A lucky choice of design for the World Trade Center towers reduced the death toll caused by their destruction, say engineers.
Each tower was struck by a passenger aeroplane, hijacked by suicidal terrorists, but remained upright for nearly an hour. Eventually raging fires melted the supporting steel struts, but the time delay allowed hundreds of people to escape.
"Most buildings would have come down immediately," says John Hooper, principal engineer in the company that provided engineering advice when the World Trade Center was designed.
Hooper added that engineers at Skilling, Ward, Magnusson, Berkshire, based in Seattle, had been devastated by Tuesday's events. "We're just trying to get through this," he told New Scientist.
Skyscrapers like the World Trade Center are not built to withstand direct hits by large aeroplanes, he says.
Furthermore, the fire suppression system in the towers did not include the foam sprinklers that could to deal with the jet fuel fires. Both the crashed aeroplanes were fully fueled for trans-continental flights, making them ideal "flying bombs".
However, the design of the 415 metre WTC towers did help prevent a greater catastrophe. The outside of the towers consisted of closely spaced steel columns forming a giant "steel tube". The columns were less than a metre apart in the upper stories and could withstand the entire load placed on the building by high winds.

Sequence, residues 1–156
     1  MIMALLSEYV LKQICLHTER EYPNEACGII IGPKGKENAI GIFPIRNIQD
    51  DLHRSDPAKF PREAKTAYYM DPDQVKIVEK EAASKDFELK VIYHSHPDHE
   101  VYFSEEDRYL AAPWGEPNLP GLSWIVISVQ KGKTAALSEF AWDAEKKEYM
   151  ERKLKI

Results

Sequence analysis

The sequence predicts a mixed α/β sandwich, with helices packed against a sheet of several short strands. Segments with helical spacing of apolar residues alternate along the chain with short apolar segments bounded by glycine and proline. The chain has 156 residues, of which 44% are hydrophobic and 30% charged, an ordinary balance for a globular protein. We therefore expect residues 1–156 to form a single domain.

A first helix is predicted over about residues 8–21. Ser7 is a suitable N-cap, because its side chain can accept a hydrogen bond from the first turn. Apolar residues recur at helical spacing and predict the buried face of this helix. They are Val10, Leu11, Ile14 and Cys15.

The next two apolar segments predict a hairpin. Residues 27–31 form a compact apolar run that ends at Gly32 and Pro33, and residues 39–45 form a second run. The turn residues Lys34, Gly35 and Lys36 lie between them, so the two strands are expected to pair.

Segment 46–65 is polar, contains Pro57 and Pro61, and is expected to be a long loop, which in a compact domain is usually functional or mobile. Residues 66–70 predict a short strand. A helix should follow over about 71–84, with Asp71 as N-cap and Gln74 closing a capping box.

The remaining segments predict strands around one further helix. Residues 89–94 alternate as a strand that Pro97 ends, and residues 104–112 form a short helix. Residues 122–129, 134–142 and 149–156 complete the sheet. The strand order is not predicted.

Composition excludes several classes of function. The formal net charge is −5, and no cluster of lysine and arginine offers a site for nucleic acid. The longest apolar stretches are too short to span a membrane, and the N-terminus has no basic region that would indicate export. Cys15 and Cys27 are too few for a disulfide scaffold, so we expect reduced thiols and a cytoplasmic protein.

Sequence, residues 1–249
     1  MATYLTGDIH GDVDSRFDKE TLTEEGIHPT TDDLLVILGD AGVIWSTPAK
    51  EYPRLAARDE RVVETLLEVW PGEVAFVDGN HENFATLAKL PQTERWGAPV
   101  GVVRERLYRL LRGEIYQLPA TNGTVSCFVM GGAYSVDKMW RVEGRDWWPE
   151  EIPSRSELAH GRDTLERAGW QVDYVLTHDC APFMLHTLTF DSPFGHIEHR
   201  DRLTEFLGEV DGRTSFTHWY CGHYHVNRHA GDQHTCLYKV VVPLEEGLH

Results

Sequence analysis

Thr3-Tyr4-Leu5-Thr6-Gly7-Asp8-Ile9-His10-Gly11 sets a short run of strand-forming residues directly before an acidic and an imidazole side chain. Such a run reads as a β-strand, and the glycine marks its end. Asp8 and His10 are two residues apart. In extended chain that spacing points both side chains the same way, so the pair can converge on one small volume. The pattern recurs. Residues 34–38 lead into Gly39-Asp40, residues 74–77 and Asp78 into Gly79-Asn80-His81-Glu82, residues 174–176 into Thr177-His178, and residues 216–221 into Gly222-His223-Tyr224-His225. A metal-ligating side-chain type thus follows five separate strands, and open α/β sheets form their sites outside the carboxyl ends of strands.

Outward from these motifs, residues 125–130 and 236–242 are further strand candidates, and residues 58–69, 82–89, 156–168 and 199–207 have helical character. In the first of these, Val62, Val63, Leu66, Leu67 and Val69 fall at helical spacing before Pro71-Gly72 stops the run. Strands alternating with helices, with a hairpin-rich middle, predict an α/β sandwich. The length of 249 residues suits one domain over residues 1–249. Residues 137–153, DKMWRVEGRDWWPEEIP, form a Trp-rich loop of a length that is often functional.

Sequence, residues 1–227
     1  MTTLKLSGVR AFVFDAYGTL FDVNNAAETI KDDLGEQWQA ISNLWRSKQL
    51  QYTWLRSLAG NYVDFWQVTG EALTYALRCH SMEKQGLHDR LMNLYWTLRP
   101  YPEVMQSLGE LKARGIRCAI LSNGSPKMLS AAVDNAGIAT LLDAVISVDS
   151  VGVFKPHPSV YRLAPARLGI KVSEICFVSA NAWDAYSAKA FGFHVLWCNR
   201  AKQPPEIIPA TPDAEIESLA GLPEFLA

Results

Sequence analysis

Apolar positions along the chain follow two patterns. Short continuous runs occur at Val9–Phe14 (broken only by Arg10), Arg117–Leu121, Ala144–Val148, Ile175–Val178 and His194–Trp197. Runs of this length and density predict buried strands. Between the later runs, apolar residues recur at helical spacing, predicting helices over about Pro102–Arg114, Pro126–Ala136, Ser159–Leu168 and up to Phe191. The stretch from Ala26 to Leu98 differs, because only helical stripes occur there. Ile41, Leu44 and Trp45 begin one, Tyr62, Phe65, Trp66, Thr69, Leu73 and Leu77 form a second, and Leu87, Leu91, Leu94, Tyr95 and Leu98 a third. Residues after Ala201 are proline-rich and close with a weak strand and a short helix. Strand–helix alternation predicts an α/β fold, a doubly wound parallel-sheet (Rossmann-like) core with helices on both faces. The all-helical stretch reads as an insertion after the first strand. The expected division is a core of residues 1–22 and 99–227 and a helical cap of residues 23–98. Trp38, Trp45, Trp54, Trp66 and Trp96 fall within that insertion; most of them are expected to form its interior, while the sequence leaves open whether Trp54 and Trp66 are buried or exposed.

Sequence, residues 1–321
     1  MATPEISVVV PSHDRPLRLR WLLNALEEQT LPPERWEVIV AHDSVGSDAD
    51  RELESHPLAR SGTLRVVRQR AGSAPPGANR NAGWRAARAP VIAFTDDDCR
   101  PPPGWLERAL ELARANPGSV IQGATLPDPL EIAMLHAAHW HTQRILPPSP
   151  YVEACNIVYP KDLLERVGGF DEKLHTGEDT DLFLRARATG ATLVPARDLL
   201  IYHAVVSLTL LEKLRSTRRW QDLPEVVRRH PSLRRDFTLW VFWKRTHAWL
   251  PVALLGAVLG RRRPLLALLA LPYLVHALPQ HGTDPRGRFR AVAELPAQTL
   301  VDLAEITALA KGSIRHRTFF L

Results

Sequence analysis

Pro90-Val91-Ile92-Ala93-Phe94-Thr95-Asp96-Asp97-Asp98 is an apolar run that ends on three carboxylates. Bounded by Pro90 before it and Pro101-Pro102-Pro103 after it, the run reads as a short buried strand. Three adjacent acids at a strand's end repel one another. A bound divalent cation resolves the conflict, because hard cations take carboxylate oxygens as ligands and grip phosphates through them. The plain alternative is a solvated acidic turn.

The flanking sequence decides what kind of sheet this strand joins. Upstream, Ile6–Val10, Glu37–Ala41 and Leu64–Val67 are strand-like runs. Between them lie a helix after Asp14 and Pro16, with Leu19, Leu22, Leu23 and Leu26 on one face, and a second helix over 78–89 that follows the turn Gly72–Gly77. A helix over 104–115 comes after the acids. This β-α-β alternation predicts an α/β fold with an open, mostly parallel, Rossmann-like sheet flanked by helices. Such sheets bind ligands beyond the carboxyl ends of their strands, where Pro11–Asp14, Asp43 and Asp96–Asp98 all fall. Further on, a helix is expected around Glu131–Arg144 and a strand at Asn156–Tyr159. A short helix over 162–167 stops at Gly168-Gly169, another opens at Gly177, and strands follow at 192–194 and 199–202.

This meant that the building's internal columns bore only the load of gravity. Whether it was the external frame or the internal supports that kept the building standing for an hour is not known, but the "double support" saved many lives.
Many skyscrapers have vertical columns up to six metres apart and rely on combined diagonal struts to bear loads. Destroying these structures would probably collapse a building immediately.
The collapse of the WTC towers looked like a classic controlled demolition, said Mike Taylor of the National Association of Demolition Contractors in Doylestown, Pennsylvania.
"If there's any good thing about this it's that the towers tended not to weaken to one side," said Taylor. "They could have tipped onto other buildings or into the river across the West Side highway."
The collapse of the WTC towers mirrored the strategy used by demolition experts. In controlled demolitions, explosives are placed not just on the lowest three floors but also on several consecutive floors about a third of the way up the building.
The explosions at the higher floors enable the collapse to gain downward momentum as gravity pulls the full weight of unsupported higher floors down into lower floors in a snowballing effect.
On Tuesday, the impacts of aeroplanes on the higher floors replaced the explosives. The collapse of the higher floors caused the floors below to be crushed. "It cascaded down like an implosion," says Taylor.
The lack of collapse in higher stories was one reason why the 454 kilogram bomb detonated in the underground garage of the World Trade Center in 1993 failed to destroy the building.